I love it when I step out the door in the morning and smell summer for the first time. The promise of warm, sunny weather and days becoming longer is carried on the light breeze. Summertime brings back many wonderful memories for me. Spending days swimming with my friends at the neighborhood pool, chasing butterflies, making mud pies, building sand castles at the beach, and of course going to the county fair.
Many of you think that all I do is eat gourmet food all year long, but I am just like everyone else and have my favorite junk foods too. The one thing I must have each summer is a corn dog at the county fair. There is something about wandering around the fairgrounds in the wilting heat of summer, hunting for my favorite corn dog vendor, and then finally finding them! The Artist has his favorites too, but mine never varies. A corn dog smothered with yellow mustard takes me right back to my childhood and always puts a huge smile on my face.
I know that most of us either wait all year to get a corn dog at the fair or buy the frozen variety sold at the grocery store. But I urge you to try making them yourselves. You will be amazed at how simple they are to make. I don’t know why, but a crisply fried cornmeal batter changes an ordinary hot dog into something that makes my knees weak.
Today’s recipes come from one of the most successful cookbook writing teams, Cheryl and Bill Jamison. With over a dozen cookbooks and four James Beard awards, they focus on American regional cuisines, home cooking and outdoor grilling. They make their home just outside of Santa Fe and travel the world sampling local cuisines. Whether it is a comparison of Kansas City and Texas barbecue styles or what to make with crabs from the Chesapeake Bay, they have honed their skills and share a wide variety of recipes and many invaluable tips with us in their books.
Their first cookbook, The Rancho de Chimayo Cookbook is one of my most treasured books. The Artist and I discovered this delightful restaurant when we were touring the area around Santa Fe and Taos, New Mexico. We sat down to eat lunch on their terraced patio, enjoying the cooling breeze and bright blue skies. That meal turned out to be our favorite of the entire trip. Imagine my delight when I discovered that two of my favorite food writers had written the recipes from this amazing restaurant!
The Big Book of Outdoor Cooking and Entertaining is a wonderful cookbook that literally has something for everyone. It contains over 850 recipes that cover nearly every type of food and drink you would want to serve to your family and friends at a summer barbecue. In addition to the expected grilled items, they also include plenty of starters, sides, beverages and desserts to complete your menu. If you know someone who is just learning to cook on a grill or wants to improve their skills, this is the book for them.
When it comes to choosing which kind of hot dog to use for your corn dogs, go with your personal favorites. An all-beef dog is the most traditional and will give you the flavor you expect. But these days there are very good chicken and turkey dogs that you can use or even pork sausages if you prefer them.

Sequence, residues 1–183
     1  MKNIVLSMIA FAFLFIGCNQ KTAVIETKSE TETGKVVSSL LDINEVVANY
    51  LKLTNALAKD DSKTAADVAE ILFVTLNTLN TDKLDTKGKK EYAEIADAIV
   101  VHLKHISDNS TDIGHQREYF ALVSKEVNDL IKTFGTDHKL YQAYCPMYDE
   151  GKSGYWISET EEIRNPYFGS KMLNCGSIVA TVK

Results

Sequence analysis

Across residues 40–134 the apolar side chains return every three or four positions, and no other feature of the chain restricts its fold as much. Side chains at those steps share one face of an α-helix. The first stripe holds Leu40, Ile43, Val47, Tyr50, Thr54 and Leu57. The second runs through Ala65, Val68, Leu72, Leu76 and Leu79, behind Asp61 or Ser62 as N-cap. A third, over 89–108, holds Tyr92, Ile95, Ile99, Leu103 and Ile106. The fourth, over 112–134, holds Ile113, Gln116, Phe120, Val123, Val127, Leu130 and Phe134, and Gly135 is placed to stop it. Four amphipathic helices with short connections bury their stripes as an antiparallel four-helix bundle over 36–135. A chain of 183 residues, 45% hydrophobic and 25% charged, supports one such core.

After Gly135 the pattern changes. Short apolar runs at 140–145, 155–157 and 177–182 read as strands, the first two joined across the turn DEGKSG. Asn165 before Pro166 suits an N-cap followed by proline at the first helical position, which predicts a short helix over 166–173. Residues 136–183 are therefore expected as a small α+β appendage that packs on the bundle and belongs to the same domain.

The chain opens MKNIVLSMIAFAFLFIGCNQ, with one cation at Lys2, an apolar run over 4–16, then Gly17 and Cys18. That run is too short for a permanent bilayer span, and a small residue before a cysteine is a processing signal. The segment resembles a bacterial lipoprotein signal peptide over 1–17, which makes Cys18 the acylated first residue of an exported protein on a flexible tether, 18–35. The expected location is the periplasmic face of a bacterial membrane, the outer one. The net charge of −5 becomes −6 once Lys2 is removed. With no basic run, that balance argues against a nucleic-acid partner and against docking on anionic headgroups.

The cornmeal you use can make a huge difference in the flavor and texture of the finished corn dog. The recipe recommends a coarse grind which I also like. My favorite brand is Bob’s Red Mill. Made in small batches with organic products, Bob’s consistently produces very high quality grains and flours. Most grocery chains are carrying their products these days, but you can also order them online.
So get in the kitchen and create some new family traditions this summer!
- 8 all-beef, chicken, or turkey hot dogs
- 8 sturdy wooden or bamboo skewers, about 8 to 10 inches long
- 1/2 cup unbleached all-purpose flour
- 2/3 cup coarsely ground yellow cornmeal
- 1 tsp salt
- 2 to 3 tsp Southwest Sizzler Spice Blend (recipe below), optional
- 1/2 cup whole or 2% milk
- 2 tbsp vegetable oil
- 1 large egg, lightly whisked
- Organic vegetable oil for deep-frying
- Condiments such as mustard, ketchup, or chili sauce, optional
- Place 3 tbsp of the flour on a large plate or in a shallow dish large enough for the skewered hot dogs.
- In another shallow dish large enough to hold the dogs, or in a deep bowl, combine the remaining flour, cornmeal, and salt, and Spice Blend if using. Mix in the milk, oil, and egg. Stir together thoroughly.
- Warm at least 3 inches of oil to 375°F in a large heavy pot. Use a candy thermometer to monitor the heat.
- Roll a skewered hot dog in the plain flour on the plate, and then dunk in the batter, coating it lightly but completely. An offset spatula, table knife, or spoon may be helpful in coating the dogs. Wipe off any batter that extends down the skewer and then gently lower the dog into the hot oil.
- Repeat with the remaining dogs, in batches if necessary, cooking for 2 to 3 minutes until crisp and golden brown. Drain on a rack for about 1 minute. Serve immediately with the garnishes that you like.
- Yield: 8 Corn Dogs
- 1/2 cup ground dried mild to medium New Mexican red chile powder
- 1/4 cup ground dried chipotle chile powder
- 1/4 cup ground ancho chile powder
- 3 tbsp ground cumin
- 3 tbsp coarse salt, either kosher or sea salt
- Stir the spices together in a medium bowl. Store covered in a cool, dark pantry for up to a few months.
- Use this as a rub for steaks, burgers, trout, shrimp, or pork chops. You can also use it to spice up other dishes.
- Yield: about 1-1/2 cups